How fashion weeks like Shanghai and Seoul can stand beside Paris, London, New York and Milan
- From Shanghai to Almaty, fashion weeks that aren’t the ‘big four’ can be successful if they find a unique purpose
- That could be anything from providing a platform for young designers to showing off their country’s traditions and culture
The rise of fashion weeks in places such as Shanghai, where fashion week begins today, is proof that the fashion world is undergoing a revolution. While the traditional “big four” fashion weeks – Paris, Milan, London and New York – are still going strong, their regard for themselves may be leaving openings for the success of “alternative” fashion weeks like Tbilisi in Georgia, Lagos in Nigeria, Seoul in South Korea and Almaty in Kazakhstan.
Each of the four main fashion weeks has already carved out its own niche. Milan is known for its corporate giants and family-owned businesses, while London is youthful and rebellious. New York has its commercial appeal, while Paris is the birthplace of fashion itself. So do we really need more fashion weeks, and what niche or purpose could they possibly fulfil?
According to industry veteran Andreina Longhi of marketing agency Attila & Co, the role of Shanghai Fashion Week is “very precise … [it] has the duty and capacity to show the world that China can be creative.” The agency is working on the autumn-winter 2019 season with fashion platform Labelhood, an integral part of Shanghai Fashion Week that showcases young talent.
This platform is important for many young designers. The designers behind Ffixxed Studios, which just relocated from Shenzhen to Shanghai, have shown in Paris, Shanghai and Almaty. They explain that even though they do all of their international sales in Paris, it is harder to “make noise” there, as it is not only saturated but also quite old-school in its approach. Labelhood is younger and more agile; the platform allows brands like Ffixxed to show directly to end consumers, while also catering to industry professionals.
The designers at Fixxed also note that showing in Almaty was far more relaxed because there was no pressure to sell, and they gained additional exposure in a new market. However, what was most beneficial to this young brand about showing at an alternative fashion week was how inexpensive it was to produce a high-quality show.
One of China’s most promising young designers, Chen Peng, has also shown in multiple cities, including London, New York and Shanghai. He notes that in London the models, hair and make-up were all stellar, but they were not cheap. Young brands must choose how to allocate their limited resources, he explains, and sometimes shows in major fashion capitals don’t offer the greatest returns on investment. Peng’s first collection was picked up by retailer Opening Ceremony from a showroom in Shanghai, which helped the brand reach superstar clients such as Nicki Minaj, Lady Gaga and Rihanna.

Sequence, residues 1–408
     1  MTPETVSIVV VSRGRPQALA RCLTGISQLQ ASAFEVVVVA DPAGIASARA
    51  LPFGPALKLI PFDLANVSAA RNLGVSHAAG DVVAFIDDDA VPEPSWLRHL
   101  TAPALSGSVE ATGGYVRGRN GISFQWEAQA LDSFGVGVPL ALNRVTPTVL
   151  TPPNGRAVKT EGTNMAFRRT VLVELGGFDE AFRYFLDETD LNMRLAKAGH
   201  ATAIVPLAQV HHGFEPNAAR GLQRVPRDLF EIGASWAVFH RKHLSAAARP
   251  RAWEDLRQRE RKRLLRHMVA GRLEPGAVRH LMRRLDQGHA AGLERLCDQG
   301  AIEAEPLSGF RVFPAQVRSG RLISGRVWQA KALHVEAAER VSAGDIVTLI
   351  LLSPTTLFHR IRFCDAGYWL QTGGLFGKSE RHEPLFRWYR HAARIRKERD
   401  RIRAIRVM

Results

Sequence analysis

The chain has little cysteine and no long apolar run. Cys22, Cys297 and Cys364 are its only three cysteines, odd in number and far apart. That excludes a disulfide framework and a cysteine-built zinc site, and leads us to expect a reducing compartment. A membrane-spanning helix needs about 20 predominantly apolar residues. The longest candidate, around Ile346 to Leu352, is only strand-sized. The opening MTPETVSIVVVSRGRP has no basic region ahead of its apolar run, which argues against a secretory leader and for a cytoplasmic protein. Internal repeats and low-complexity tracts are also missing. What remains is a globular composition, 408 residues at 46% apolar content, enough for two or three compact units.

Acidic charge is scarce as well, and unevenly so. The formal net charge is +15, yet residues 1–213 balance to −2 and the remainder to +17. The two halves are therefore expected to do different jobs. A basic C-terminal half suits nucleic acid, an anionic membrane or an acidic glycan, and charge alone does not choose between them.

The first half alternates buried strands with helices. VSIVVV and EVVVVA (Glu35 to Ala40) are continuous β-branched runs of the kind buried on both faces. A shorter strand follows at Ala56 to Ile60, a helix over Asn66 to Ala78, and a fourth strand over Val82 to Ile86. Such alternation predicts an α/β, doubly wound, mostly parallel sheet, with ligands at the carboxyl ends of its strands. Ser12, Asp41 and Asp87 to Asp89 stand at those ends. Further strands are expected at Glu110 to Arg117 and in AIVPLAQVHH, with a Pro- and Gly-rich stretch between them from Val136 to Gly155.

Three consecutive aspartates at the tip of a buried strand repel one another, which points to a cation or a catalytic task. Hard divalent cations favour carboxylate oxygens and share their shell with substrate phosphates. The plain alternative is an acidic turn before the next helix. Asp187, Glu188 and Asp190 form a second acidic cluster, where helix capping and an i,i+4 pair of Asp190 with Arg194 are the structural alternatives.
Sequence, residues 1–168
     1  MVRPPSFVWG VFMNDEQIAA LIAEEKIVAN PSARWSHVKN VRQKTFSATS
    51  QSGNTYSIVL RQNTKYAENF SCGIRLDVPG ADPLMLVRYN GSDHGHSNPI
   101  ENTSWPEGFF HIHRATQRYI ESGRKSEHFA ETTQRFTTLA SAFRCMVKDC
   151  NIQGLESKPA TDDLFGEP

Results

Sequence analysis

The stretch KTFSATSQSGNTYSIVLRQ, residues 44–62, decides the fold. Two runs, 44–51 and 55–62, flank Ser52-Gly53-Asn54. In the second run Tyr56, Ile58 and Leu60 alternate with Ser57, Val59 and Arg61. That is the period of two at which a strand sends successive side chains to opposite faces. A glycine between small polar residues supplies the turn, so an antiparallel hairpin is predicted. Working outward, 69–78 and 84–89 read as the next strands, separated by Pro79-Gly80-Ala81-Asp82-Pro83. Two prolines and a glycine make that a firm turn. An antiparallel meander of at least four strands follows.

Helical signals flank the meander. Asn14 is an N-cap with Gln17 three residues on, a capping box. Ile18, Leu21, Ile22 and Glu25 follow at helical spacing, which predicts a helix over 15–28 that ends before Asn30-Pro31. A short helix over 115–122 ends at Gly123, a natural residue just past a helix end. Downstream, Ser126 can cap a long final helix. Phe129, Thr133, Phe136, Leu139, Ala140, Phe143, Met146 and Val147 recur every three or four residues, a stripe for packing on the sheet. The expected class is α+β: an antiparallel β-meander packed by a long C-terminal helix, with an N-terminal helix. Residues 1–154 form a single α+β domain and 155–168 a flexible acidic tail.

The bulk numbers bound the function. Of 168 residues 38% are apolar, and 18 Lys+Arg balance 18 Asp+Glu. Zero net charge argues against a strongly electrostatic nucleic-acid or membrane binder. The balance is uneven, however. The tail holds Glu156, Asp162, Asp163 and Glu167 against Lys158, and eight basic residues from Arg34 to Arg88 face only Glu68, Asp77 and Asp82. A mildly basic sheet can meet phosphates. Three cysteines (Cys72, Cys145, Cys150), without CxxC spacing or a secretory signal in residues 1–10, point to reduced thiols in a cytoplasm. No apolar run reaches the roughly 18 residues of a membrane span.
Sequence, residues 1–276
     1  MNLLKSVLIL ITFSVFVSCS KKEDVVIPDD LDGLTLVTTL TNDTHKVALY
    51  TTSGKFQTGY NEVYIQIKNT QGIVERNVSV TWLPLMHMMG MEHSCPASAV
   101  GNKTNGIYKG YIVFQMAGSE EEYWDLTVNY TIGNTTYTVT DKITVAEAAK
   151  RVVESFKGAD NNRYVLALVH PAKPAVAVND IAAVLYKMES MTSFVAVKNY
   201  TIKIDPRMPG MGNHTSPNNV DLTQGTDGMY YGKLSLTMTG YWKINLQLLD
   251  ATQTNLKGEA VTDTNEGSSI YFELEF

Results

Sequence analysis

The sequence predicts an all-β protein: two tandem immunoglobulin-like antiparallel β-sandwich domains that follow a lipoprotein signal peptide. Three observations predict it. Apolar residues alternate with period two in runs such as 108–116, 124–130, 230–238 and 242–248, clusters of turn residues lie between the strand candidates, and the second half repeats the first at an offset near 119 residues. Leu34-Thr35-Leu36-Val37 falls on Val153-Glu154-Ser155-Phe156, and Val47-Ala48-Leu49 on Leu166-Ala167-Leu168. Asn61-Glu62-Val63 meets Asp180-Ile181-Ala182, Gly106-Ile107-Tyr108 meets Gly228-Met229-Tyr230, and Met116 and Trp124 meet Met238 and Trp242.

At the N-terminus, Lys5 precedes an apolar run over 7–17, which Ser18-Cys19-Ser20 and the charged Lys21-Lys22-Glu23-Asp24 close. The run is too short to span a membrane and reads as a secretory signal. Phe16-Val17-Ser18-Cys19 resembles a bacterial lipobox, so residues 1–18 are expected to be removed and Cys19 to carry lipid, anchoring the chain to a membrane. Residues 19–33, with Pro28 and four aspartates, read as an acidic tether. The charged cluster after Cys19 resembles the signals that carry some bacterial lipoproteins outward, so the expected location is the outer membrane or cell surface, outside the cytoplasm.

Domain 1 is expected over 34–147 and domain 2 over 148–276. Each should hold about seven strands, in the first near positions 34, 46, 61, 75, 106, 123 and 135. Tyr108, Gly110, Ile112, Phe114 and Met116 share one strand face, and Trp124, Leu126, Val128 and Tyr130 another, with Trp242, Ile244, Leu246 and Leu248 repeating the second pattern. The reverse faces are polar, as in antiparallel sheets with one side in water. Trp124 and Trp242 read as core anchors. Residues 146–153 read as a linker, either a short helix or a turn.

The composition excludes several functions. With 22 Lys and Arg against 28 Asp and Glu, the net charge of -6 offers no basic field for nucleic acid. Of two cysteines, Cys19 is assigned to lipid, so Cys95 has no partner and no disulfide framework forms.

But alternatives to established fashion weeks will become increasingly influential in the coming decade as consumers and industry professionals alike realise that creativity is not restricted to the purview of New York, London, Milan and Paris. All of these major fashion capitals embrace diversity, but they may have reached a point of saturation. Meanwhile, so much creativity around the world exists with little to no fanfare.
Mercedes-Benz Fashion Week Almaty started in 2013, making Kazakhstan the 45th country to host the franchise. According to event co-founder Yan Ray, “we have our traditions and culture that we can introduce to the world, but we need designers who trust in their brand DNA, as well as the interest of buyers in our country.” But what niche can this alternative fashion week fulfil?
Perhaps a new fashion week shouldn’t have to “find” a niche, as the niche should be inherent to the country itself. Creativity is inextricably linked to culture, as is fashion. Each and every country around the world has a unique voice and visual identity, but fashion has remained a global industry of monopolistic competition.
The founders of Chinese-American independent label Babyghost believe that “the world can get excited about fashion if fashion gets excited about the world.” Perhaps an industry known for exclusivity has excluded too much of the global population, but fashion is no longer happening behind closed doors.
The Babyghost founders added: “Things are happening with media like Vogue – because Vogue now has to battle with people that work from their phones … people who aren’t journalists, so they can say anything they want. But because of this changing landscape Vogue is doing interesting things such as reviewing young designers, because they want to see something new and they are making room for something unorthodox.”
Despite the success of international brands in China, Lu Xiaolei, vice secretary of Shanghai Fashion Week, says that the event’s business-to-business platforms have driven the transformation of the Chinese retail market, with over 1,000 local brands presenting at its seasonal trade shows and showrooms. “The role of Shanghai Fashion Week is to build a unique ecosystem,” she says.
And that they have done. Both the event platform and its satellite events have created the infrastructure of a successful alternative fashion week – a model that is surely transferable to any country that believes in its inherent ability to materialise their culture through creativity.